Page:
Vrindavan, 2017.10.28 (VT): Today is the festival of Gopashtami.
In Vrindavan, Gopashtami is known as the day the Child Krishna graduated from tending calves to herding grown-up cows. On this day, Shri Radharaman Lal is dressed in full cow-herding costume, complete with a buffalo-horn bugle, a jauntily-tied dhoti, and a cow-herding rope stylishly twisted around his crown. The following song by Shri Gunamanjari Das Goswami of the Shri Radharaman Temple describes his beauty:
श्रीराधारमण किये नटवर भेख ।
आज गोपाष्टमी आली शोभा बड़ी विशेख ॥
जूरो मुरली लकुट काछनी कछि सिंगार कू देख ।
गुणमञ्जरी निर्योग पास श्रृंगार चित में लेख ॥
śrī-rādhāramaṇa kiye naṭavara bhekh
āj gopāṣṭamī ālī śobhā baḍī viśekh
jūro muralī lakuṭa kāc̣anī kac̣i siṅgāra kū dekh
guṇamañjarī niryoga pāsa śhṛṅgāra ćhita mẽ lekh
Looking incomparably splendid on Gopashtami, Shri Radharaman wears an exquisite cowherd dress. O sakhi, just admire His unique style of dhoti and his special crown. The way He holds His flute and cow-herding stick is so charming. This vision of Him with that charming lasso draped over his crown is etched upon Gunmanjari’s heart! (English translation from the book Shri Radharaman Gita)
In many other temples, Shri Radharani is dressed in the guise of Subal, one of Shri Krishna’s cowherd companions, on this day. The lila behind this special shringar is that once Radha’s in-laws locked her in the house, and she was unable to meet Krishna. Krishna then devised a plan to help her escape. He sent his friend Subal, who looks very much like Radha, to her house where they exchanged clothes. Subal then spent the rest of the day disguised as Radha, while in the guise of Subal, Radha played with Krishna all day in the pasturelands of Vrindavan.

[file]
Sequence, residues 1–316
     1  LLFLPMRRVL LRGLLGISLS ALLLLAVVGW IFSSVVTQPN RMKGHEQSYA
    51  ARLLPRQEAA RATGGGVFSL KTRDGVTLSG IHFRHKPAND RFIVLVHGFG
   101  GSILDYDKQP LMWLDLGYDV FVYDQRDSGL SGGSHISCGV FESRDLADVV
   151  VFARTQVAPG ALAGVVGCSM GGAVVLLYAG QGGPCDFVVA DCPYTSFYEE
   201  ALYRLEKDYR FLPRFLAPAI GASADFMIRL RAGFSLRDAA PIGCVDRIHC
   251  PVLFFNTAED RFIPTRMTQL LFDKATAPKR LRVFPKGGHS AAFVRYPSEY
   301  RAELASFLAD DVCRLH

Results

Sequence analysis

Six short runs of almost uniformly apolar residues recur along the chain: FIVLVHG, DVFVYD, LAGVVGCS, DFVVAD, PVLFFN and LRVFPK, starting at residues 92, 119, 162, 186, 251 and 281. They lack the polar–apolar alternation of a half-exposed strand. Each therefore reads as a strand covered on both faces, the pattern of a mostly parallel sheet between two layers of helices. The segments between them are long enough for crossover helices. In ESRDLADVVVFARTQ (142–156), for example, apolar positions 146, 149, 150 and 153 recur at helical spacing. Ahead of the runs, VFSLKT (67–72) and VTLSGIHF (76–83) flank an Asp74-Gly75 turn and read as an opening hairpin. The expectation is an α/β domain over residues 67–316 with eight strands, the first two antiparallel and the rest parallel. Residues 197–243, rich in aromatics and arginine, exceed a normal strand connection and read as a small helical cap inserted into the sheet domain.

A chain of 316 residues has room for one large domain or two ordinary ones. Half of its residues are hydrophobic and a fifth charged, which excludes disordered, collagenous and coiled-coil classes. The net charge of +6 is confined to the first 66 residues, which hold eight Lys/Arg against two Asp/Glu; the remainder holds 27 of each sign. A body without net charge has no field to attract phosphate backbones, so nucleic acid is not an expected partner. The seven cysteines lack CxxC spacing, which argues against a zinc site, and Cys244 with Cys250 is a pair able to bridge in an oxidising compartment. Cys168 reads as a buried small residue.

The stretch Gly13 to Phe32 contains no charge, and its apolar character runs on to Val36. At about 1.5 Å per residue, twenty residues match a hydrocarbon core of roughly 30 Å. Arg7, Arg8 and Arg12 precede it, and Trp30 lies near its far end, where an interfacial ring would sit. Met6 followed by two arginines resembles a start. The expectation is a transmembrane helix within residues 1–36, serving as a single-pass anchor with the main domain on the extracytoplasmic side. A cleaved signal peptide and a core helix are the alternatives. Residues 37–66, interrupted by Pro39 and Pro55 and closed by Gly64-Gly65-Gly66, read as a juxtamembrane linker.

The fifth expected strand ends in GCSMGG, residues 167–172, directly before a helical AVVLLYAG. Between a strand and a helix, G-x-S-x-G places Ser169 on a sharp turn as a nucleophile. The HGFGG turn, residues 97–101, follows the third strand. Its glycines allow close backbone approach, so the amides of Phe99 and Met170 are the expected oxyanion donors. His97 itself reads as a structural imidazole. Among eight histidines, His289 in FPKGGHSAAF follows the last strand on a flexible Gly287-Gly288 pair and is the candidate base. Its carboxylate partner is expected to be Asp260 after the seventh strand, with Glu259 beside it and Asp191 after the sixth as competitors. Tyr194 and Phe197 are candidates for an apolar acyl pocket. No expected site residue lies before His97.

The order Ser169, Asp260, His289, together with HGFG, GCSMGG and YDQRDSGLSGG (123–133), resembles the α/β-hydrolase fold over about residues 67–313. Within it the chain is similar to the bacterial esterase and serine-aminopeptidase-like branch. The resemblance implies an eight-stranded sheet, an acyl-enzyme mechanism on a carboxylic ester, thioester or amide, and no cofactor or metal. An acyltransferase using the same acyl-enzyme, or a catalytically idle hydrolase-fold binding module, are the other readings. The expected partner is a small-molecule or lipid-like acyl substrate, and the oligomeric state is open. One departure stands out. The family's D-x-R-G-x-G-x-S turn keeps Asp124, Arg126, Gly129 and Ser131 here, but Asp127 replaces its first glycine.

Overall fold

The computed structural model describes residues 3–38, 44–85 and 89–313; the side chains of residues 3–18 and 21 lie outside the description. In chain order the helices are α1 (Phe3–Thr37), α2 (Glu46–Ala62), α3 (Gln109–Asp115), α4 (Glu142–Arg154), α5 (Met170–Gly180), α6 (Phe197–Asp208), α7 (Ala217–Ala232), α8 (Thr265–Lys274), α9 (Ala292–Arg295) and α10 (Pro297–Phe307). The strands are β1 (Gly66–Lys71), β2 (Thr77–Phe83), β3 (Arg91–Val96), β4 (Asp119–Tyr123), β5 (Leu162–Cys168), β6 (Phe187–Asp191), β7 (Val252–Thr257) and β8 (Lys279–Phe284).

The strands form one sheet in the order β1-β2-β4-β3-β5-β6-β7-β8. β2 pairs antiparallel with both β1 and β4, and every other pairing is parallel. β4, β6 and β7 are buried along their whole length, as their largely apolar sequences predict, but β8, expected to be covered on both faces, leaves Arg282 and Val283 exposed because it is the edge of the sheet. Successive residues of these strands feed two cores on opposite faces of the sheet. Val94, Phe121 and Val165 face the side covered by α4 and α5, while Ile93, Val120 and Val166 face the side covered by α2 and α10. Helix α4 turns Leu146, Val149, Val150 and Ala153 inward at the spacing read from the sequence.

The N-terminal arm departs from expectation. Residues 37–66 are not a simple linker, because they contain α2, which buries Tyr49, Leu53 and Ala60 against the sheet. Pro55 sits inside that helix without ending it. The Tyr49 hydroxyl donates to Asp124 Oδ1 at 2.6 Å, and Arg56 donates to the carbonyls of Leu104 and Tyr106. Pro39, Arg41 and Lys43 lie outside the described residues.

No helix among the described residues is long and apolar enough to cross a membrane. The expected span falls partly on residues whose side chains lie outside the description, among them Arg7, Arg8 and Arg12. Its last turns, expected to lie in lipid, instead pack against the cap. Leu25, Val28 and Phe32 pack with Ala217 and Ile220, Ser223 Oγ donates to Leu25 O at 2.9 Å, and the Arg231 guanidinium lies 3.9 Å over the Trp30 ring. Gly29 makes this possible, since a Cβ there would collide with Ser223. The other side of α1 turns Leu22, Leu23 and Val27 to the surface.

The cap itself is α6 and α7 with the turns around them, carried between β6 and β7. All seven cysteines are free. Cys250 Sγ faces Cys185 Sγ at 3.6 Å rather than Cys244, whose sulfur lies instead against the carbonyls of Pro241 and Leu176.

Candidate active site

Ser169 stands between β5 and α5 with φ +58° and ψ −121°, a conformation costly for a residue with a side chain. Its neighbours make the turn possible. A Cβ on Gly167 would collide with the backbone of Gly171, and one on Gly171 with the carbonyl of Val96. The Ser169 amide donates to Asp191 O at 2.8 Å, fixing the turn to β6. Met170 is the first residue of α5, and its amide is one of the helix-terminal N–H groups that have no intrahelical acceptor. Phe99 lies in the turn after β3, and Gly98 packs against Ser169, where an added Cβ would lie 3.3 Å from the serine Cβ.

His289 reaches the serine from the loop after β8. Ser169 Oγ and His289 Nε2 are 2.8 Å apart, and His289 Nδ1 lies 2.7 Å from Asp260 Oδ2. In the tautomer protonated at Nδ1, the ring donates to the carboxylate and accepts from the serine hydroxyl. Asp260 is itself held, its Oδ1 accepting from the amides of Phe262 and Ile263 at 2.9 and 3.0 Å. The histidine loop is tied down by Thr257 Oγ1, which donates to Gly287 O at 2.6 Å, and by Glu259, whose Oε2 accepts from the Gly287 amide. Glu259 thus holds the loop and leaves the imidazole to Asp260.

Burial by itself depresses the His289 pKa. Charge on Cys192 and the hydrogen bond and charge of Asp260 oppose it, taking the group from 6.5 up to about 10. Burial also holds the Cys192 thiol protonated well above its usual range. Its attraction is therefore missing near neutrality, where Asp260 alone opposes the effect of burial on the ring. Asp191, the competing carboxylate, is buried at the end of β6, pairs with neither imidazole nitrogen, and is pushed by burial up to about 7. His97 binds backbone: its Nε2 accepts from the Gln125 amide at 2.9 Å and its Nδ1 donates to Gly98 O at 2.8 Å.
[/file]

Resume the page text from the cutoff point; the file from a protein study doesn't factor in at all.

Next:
Shri Krishna loves cows so much that he refuses to wear shoes, since his cows do not wear any. Naturally, worshipping Shri Krishna’s beloved cows is a major part of the Gopashtami celebration. The worship is performed in the morning of Gopashtami day, as well as during go-dhuli (twilight). Some traditional ways of worshipping the cows include bathing them, decorating them with flowers, dressing them in ornaments and new cloth, and offering aarti to them. Devotees also hand-feed the cows sweets, especially jaggery (gur). Those who are able to may take the cows for a walk and play with them on this day.
Today the temples and streets of Vrindavan were packed with devotees from all over India and the world, eager to enjoy the special darshan of Shri Radha and Krishna. The crowding is expected to continue for the rest of Kartik month.
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